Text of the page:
Walter Cronkite, the legendary broadcast journalist on CBS Evening News for 19 years, has often been described as “the most trusted man in America.” He reported on major historical events such as the assassination of John F. Kennedy, the moon landing, and the Vietnam War. It’s been said that his authoritative speaking style was what inspired his listeners to trust him as a reliable and steadfast source of information.
So what is it about Walter Cronkite’s style and voice that earned him such a title? To find out, we used our quantified communications technology to analyze the content of Walter Cronkite’s most famous broadcasts and his vocal delivery of these memorable events. And for comparison’s sake, we benchmarked Mr. Cronkite against current broadcast journalist Anderson Cooper.
After analyzing transcripts of Cronkite and Cooper’s broadcasts, we found Walter Cronkite’s spoken content to be 30% more trustworthy than statements from Anderson Cooper. This was partly due to his increased use of cognitively complex language (cognition refers to mental processes) – he provided insight to his thoughts and opinions on the stories he would cover. For example, when covering the Vietnam War, he said “But it is increasingly clear to this reporter that the only rational way out then will be to negotiate, not as victors, but as an honorable people who lived up to their pledge to defend democracy, and did the best they could.”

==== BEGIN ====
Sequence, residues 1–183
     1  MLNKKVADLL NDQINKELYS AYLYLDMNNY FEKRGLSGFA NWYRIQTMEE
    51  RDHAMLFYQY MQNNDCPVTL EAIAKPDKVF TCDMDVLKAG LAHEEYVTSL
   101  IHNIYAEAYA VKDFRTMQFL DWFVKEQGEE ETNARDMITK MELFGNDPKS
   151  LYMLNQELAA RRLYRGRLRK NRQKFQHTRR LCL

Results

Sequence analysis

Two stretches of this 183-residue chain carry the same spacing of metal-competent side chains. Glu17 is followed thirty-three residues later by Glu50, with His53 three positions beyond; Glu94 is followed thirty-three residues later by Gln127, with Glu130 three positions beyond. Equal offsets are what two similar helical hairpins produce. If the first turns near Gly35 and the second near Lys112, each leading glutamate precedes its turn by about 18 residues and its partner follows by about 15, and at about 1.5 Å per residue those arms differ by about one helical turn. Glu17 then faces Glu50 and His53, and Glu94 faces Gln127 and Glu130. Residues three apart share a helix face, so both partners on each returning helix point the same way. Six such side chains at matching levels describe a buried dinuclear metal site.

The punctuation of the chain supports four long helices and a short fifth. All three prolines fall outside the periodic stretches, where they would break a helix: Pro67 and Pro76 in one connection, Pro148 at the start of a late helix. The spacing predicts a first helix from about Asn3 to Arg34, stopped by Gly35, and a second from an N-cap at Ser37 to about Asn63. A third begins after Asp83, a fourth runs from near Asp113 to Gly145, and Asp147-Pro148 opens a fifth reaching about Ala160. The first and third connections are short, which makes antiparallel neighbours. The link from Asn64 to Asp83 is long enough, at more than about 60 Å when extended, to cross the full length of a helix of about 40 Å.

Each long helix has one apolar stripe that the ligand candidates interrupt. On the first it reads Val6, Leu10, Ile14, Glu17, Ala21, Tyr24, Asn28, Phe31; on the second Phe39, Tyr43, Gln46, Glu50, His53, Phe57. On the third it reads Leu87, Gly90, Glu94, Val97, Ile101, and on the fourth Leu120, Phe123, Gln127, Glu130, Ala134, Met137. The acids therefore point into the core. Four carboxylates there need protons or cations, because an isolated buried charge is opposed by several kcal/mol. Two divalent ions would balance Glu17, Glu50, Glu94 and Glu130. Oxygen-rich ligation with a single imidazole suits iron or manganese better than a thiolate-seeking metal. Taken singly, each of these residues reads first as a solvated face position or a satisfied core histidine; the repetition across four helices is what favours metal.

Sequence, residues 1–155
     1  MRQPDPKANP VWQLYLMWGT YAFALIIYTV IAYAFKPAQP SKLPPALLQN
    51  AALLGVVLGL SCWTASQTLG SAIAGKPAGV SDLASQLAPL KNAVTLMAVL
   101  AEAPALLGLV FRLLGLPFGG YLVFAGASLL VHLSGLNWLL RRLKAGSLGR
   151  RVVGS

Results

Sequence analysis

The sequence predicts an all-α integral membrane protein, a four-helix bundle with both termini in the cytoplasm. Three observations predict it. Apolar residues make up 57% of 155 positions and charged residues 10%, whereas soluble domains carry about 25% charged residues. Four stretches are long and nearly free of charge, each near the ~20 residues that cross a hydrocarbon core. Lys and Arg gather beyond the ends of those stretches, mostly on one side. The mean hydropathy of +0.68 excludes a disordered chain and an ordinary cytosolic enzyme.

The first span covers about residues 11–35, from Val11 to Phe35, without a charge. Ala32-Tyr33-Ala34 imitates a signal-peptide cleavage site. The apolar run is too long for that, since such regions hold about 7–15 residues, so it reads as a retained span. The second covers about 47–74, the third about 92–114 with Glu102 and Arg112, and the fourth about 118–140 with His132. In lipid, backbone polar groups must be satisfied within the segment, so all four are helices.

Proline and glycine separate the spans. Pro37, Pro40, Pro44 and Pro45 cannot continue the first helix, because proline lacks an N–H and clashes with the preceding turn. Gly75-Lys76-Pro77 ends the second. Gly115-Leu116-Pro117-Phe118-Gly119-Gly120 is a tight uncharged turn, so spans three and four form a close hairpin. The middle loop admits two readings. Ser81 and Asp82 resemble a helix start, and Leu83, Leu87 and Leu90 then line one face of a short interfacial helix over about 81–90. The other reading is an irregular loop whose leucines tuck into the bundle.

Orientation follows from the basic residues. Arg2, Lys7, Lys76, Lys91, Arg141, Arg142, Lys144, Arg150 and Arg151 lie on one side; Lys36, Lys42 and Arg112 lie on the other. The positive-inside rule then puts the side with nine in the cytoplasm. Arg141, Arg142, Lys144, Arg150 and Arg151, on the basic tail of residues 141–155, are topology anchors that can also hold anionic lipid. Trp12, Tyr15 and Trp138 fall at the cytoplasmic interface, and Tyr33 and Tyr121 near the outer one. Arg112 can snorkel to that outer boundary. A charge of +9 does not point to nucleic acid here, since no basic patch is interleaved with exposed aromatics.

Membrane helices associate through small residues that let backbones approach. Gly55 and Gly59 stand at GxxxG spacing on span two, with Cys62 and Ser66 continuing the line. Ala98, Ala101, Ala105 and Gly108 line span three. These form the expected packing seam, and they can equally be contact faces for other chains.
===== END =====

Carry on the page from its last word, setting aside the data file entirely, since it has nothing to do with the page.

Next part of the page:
Walter Cronkite’s unique and highly recognizable voice also contributed to his “most trusted” title. After benchmarking his voice against the voice of Anderson Cooper, we found three distinguishing factors: a high harmonics-to-noise ratio (HNR), increased vocal energy, and a slower rate of speech.
- Mr. Cronkite’s HNR ratio was 27% higher than Anderson Cooper’s, indicating a more harmonic voice. Every voice has a fundamental pitch that the human ear can hear. There are other accompanying frequencies that are either in harmony with the fundamental pitch, or are considered to be noise. Most people prefer to listen to a voice with more harmonious frequencies.
- Mr. Cronkite’s vocal energy was 283% higher than Anderson Cooper, showing that he used more breath support, variation in amplitude, and pauses to emphasize key points and phrases while he spoke.
- Mr. Cronkite’s average rate of speech was 160 words per minute, which is much slower than Anderson Cooper’s average of 215 words per minute. Psychology research has found that slower rates of speech increase listener comprehension, deepen a listener’s respect for the speaker, have a calming effect, and therefore increase a listener’s willingness to trust in a speaker.
In the age of cable television, 24-hour news cycles and social media, it’s not surprising that America’s audio preferences have perhaps shifted to crave the faster and less complex speaking style of broadcast journalists today. Still, we’d be hard pressed to find anyone who wouldn’t agree that Cronkite’s voice was the voice of this nation during some of its most formative years. And tonight, when the news cycle is once again filled with heated political banter, shock-jocks and headline stories of Kate Middleton’s fashion choices, it’s hard not to wish that the steady, thoughtful, and yes, trustworthy voice of Walter Cronkite would reappear once more.